"In the modern world, we do not need utopias."To which Halliday responds:
"Dreaming, the aspiration to a better world and the imagination thereof, is a necessary part of the human condition."It has often occurred to me that it is a paradox of the human condition that consciousness by its very nature allows human beings to 'imagine a better world' and it is this that is essential for anything we might describe as progress in human affairs. But at the same time, those who seek to reach beyond mere dreams and make them a reality are predestined to be disappointed, or worse.
The scale of the disappointment depends on the nature of what is imagined and it's here I have a problem with the use of the term 'utopia' because by most people's definition this has something to do with perfection, rather than with a state of affairs that is merely better than what presently exists.
Arguably the capacity to imagine, to simply say 'things could be otherwise', is the very basis of human morality and in that sense it is indeed an absolutely essential facet of the human condition.
But this is surely a different matter altogether to imagine a human state of affairs that could achieve perfection and it is surely more contentious to suggest that this is in any way essential to the human condition or even if it were, to say with any degree of certainty that this has been a net benefit to mankind?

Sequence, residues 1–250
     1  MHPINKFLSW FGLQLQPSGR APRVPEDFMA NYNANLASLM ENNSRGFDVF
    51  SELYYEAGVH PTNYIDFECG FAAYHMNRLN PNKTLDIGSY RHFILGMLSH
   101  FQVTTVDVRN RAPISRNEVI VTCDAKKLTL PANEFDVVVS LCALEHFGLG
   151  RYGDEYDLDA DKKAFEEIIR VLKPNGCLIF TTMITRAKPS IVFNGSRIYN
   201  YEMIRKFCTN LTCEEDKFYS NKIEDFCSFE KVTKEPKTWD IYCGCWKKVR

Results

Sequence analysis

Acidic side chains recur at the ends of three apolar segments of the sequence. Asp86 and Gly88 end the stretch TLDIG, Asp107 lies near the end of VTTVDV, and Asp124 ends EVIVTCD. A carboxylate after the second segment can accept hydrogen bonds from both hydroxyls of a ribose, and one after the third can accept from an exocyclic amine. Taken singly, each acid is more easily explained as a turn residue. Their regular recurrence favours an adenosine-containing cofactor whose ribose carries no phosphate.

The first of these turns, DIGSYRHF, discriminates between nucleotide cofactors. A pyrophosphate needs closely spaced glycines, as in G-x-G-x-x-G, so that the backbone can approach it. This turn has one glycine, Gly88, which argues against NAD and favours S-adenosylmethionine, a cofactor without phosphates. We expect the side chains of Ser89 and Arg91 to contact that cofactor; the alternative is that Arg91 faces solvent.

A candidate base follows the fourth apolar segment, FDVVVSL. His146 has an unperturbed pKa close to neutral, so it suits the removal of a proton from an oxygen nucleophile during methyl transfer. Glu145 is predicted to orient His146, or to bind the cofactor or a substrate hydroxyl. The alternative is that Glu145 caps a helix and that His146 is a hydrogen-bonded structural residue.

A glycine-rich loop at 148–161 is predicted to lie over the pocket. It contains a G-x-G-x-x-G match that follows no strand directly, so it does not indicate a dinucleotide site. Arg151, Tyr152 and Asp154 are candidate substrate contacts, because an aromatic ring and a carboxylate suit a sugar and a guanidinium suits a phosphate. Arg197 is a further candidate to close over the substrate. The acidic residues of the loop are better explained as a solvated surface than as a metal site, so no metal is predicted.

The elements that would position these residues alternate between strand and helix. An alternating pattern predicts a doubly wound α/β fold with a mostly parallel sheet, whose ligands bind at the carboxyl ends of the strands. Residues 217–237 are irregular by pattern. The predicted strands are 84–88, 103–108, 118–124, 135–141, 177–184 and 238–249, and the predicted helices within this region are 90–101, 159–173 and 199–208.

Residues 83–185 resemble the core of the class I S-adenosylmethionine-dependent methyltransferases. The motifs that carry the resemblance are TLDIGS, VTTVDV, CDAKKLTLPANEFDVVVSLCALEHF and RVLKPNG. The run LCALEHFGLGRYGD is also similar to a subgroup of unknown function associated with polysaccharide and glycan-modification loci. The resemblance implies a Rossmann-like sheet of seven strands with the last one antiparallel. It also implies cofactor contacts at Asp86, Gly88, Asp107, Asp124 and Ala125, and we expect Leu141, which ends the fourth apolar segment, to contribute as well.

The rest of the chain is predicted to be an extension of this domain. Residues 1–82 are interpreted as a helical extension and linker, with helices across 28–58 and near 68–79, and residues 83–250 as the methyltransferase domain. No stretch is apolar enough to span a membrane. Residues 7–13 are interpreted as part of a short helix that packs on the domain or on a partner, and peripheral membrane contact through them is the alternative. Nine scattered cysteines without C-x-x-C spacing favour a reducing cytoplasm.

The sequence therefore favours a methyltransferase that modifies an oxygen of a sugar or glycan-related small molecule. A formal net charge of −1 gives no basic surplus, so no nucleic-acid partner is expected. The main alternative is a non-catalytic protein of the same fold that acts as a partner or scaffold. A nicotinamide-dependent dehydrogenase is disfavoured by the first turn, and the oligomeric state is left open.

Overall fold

Isaiah Berlin argued that in human history, no single idea has been responsible for a higher pile of corpses than the notion that there is a final solution - that all [legitimate] human wants and desires can be fitted into a single harmonious pattern.
In the same vein Milan Kundera said that "there is always a gulag built onto the side of paradise", this not being a regrettable lapse from the pursuit of perfection but rather something that was intrinsic to it.
Both had in mind the totalitarian experiments of the 20th century and their religious parents, the various political attempts throughout the ages to achieve the entire sanctification of the mundane and bring the City of God to earth.
Surely this should at least be considered as a contender to be among mankind's worst ideas? Not least because it has endured and is still with us today. Essential to the human condition, perhaps. But desirable? No.